FREEPORT — The health insurance marketplace provision of the Affordable Care Act went into effect nationally on Tuesday, and a lot of people probably have no clue what that means.
That was the reason for an information session hosted Monday night by state Rep. Sara Gideon, D-Freeport, at the Freeport Community Center.
While Congress squabbled over the act better known as Obamacare, leading to the first government shutdown since 1995, Gideon calmly laid out the potential impacts of the health insurance marketplace.
She was joined by Rep. Anne Graham, D-North Yarmouth; Christie Hager, the regional director for the U.S. Department of Health and Human Services; Janice Daku of Western Maine Community Action, and Chris Hastedt of Maine Equal Justice Partners. Sen. Stan Gerzofsky, D-Brunswick, was also in attendance.
The health insurance marketplace is an exchange designed to help individuals, families and small businesses shop for private health insurance. All plans are required to cover a comprehensive set of benefits, including physician visits, preventive care, hospital stays and prescriptions. Discrimination based on pre-existing conditions is not permitted. The marketplace enables buyers to compare rates between providers.
“It’s apples to apples,” Daku said. “It’s going to be using the same terms. You’ll be able to make an informed decision.”
In Maine, the marketplace is limited to two insurers: Anthem and Maine Community Health Options, a non-profit, co-op insurance plan.
“I feel like Maine is very limited in terms of insurance companies that represent the population,” said Victoria Dunner, a resident of Durham who attended Monday’s info session. “I was just wondering if there would be an opportunity for other insurance companies to come in. Are we still stuck with Anthem? It looks like we’re going to be.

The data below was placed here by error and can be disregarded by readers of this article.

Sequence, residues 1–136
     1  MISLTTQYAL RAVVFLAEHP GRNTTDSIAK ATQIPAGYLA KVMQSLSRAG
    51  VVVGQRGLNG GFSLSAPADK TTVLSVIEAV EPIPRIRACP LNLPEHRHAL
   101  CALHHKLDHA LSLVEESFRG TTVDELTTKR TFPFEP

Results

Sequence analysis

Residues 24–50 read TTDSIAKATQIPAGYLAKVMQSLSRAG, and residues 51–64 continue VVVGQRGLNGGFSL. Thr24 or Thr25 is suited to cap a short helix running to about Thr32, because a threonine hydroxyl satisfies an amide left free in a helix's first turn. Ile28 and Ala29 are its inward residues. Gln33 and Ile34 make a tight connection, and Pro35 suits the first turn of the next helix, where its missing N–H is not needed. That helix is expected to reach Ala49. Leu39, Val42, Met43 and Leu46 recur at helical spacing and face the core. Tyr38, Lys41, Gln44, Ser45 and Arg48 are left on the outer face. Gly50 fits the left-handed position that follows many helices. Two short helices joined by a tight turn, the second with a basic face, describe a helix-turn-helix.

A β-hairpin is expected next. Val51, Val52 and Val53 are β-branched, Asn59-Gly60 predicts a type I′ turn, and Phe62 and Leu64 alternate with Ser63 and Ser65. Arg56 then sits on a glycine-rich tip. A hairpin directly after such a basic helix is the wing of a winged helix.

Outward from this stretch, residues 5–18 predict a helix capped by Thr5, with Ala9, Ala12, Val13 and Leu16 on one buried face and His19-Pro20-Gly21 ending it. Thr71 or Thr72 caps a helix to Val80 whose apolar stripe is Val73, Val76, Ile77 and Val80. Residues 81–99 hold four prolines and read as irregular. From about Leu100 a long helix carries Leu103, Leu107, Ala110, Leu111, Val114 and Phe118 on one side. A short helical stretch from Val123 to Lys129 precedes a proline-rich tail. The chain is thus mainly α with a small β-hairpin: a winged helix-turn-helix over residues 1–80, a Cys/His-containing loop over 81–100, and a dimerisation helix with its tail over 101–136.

“I still have a lot of unanswered questions, but overall, I’d say it was a start. I guess we have to do a little more exploring on our own with the websites and the places they told us about to get more information. Maybe get a navigator to help us out.”
Navigators are individuals and organizations that have volunteered to help people understand the Affordable Care Act and navigate the health insurance marketplace. Mainers can schedule an appointment with a navigator, and sign up for coverage, by visiting Enroll207.com.
“The navigators are here so you don’t have to be an actuary,” Graham said. “You don’t have to be an insurance agent.”
Scammers have begun calling people and posing as navigators, offering insurance advice for a price, Daku said. Registered navigators do not charge a fee.
The audience of about 60 people looked, by turns, confused, intrigued and bored. Several audience members said they already had full health-care coverage and attended just to learn more about the law.
Nearly every discussion of Obamacare has been overshadowed by the vitriol of its opponents. Most of the attendees at Tuesday’s info session appeared to be neither detractors nor ardent supporters. They were curious, and perhaps cautiously optimistic, about the law’s possibilities.
“I think we often find that people who are in opposition to something can be very, very loud, especially with the health-care law,” Gideon said. “I don’t think everybody in this room is a fan of the Affordable Care Act, per se, but they recognize that this is the law and it’s going to affect them.
“At the end of the day, when you put all these people in a room together, there are probably many different ideas about what the right approach to health care is,” she said. “But one thing everybody probably agrees on is that every man, woman and child should have access to a family doctor, and that no one should be denied access to health care because they can’t afford it. And that’s really why we’re here.”
April Gilmore, a navigator from the Maine Lobstermen’s Association, discusses Obamacare with Charles Dunner of Durham.